Has Sprint Ended Its Leasing Program For Android Phones?
Apparently so, at least according to mobile market research firm Wave7 Research and then later reported by Fierce Wireless. The fourth biggest wireless carrier in America appeared to have began ending its leasing program for mobile devices that run on Google’s Android mobile operating system as recently as a few days ago. As indicated in Fierce Wireless’ report, Sprint’s decision may have something to do with the program no longer being compelling enough to impact the major US mobile operator’s ailing finances. Interestingly enough, Sprint appears to be continuing with its leasing program for the four most recent iPhone releases from Apple, namely last year’s iPhone 6s and iPhone 6s Plus, as well as the latest iPhone 7 and iPhone 7 Plus flagship devices. It seems that for Sprint, a leasing program for iOS powered mobile devices may be more financially viable than that for Android handsets. The wireless carrier had reportedly put a stop to its device leasing options for Android devices right after its subscribers turned in or bought their leased Galaxy S7 smartphones just a few days ago. As pointed out by analysts of Wave7 Research, this move may not be much of a surprise. After all, as early as June this year, Sprint had already discontinued the leasing of Samsung’s Galaxy S7 Edge after only four months.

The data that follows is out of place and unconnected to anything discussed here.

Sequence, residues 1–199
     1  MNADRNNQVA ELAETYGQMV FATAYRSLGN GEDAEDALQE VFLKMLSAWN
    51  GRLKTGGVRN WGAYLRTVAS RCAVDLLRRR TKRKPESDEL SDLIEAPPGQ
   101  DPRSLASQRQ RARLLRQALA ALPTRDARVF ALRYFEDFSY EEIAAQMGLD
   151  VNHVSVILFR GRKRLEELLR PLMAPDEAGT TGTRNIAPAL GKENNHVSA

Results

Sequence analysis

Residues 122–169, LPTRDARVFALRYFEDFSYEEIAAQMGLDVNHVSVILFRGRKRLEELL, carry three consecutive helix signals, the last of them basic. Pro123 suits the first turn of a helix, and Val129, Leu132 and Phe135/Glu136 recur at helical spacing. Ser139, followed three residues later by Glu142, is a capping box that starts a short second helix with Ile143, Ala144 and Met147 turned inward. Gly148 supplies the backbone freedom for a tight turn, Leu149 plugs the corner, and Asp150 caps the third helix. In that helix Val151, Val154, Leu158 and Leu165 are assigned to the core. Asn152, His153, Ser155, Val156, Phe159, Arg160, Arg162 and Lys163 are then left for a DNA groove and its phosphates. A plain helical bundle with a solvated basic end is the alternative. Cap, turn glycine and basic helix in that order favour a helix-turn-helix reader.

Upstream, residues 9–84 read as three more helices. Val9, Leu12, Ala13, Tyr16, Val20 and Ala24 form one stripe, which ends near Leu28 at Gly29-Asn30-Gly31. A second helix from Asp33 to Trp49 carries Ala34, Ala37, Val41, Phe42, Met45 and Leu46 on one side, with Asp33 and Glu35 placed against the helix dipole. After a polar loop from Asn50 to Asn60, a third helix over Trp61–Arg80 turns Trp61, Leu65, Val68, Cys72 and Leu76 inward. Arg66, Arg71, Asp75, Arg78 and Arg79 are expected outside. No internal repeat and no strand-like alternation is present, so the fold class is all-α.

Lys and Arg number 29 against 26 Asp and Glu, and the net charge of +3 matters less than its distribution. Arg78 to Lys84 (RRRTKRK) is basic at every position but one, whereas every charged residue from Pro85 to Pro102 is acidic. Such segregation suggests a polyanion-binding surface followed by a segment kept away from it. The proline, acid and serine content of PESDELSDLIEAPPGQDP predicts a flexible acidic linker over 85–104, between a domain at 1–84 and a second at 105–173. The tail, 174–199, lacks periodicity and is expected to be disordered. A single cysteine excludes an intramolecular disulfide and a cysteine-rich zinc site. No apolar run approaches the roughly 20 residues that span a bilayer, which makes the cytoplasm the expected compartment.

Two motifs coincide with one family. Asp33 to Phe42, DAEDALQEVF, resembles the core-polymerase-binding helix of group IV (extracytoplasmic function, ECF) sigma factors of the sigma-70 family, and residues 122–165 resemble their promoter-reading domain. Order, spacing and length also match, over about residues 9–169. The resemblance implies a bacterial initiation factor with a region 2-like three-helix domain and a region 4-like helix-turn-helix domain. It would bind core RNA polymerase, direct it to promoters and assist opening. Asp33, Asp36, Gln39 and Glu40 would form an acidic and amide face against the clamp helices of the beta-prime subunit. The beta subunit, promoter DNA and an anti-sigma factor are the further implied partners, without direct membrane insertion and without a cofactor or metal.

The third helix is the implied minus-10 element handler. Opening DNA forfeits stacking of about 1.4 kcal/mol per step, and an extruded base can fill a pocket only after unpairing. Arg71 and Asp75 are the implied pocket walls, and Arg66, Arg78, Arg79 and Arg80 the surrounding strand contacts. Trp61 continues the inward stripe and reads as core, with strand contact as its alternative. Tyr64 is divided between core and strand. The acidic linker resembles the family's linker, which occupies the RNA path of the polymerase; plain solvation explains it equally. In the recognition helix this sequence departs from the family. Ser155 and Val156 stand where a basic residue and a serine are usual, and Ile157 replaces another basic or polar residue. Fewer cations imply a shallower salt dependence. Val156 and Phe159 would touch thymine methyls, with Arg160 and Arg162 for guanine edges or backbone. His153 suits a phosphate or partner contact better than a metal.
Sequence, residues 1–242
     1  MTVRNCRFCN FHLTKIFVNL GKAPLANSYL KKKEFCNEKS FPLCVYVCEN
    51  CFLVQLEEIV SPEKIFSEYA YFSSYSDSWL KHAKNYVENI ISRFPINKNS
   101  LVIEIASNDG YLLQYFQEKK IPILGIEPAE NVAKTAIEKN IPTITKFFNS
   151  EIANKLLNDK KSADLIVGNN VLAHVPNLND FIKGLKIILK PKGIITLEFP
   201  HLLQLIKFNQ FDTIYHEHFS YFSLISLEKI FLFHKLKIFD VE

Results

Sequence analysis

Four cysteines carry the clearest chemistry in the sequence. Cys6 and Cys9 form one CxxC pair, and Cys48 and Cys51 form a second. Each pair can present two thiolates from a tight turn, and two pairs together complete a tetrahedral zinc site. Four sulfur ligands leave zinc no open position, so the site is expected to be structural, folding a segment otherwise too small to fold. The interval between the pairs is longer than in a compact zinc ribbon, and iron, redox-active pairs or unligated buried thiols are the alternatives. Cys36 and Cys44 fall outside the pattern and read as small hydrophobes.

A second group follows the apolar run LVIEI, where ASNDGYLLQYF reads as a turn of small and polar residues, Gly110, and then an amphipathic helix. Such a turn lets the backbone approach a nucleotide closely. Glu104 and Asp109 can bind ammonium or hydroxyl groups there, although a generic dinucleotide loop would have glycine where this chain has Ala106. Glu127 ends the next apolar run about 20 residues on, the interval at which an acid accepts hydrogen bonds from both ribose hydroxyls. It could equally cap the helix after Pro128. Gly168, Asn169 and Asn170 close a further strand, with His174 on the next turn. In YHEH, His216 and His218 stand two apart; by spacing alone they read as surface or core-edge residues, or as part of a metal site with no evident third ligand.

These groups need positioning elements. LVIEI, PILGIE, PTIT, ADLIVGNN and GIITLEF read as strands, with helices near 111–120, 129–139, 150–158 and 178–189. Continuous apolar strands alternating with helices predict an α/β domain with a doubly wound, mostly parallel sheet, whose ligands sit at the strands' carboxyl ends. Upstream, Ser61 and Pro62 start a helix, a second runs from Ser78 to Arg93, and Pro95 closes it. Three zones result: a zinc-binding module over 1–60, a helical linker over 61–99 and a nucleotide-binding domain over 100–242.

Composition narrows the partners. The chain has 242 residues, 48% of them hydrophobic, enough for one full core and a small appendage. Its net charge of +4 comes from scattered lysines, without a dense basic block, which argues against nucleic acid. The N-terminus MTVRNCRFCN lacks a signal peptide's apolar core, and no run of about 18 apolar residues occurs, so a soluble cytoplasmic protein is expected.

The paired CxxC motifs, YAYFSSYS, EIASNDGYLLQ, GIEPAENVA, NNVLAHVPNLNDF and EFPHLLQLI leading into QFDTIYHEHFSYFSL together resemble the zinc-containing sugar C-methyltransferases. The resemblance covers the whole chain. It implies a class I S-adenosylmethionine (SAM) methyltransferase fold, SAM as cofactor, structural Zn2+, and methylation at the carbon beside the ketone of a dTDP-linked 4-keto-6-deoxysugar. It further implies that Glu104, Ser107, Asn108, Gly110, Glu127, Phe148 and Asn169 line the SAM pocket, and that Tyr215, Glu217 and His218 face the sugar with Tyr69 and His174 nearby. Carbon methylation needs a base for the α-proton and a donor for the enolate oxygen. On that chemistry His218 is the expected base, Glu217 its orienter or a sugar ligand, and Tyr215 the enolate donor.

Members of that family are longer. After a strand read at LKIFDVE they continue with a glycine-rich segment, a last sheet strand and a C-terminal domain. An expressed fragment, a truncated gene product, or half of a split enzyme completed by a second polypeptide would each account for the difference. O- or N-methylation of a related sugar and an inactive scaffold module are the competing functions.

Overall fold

This latest development seems to be inconsistent with what Marcelo Claure, the chief executive officer of Sprint, had revealed a year ago when he stated that the wireless carrier is looking to lean more towards leasing options in lieu of offering standard two year agreements. It is worth noting that in the early part of this year, what Claure said did indeed happen. But then Sprint resurrected its two year contracts after only a month after getting rid of them, and these plans continue to be offered by the mobile operator until now. Interestingly, representatives from Sprint do not appear to be eager in addressing the Android device leasing program subject, never mind confirming if indeed the company was eliminating leasing options for Android handsets for good. Still, if there really is any truth to the idea that Sprint was not earning much from its leasing program for Android devices, it can not be blamed for discontinuing this particular model despite the fact that the program seems to be a hit among Android mobile users. After all, if the choice is between popularity and financial viability, for Sprint, the latter will always be the priority.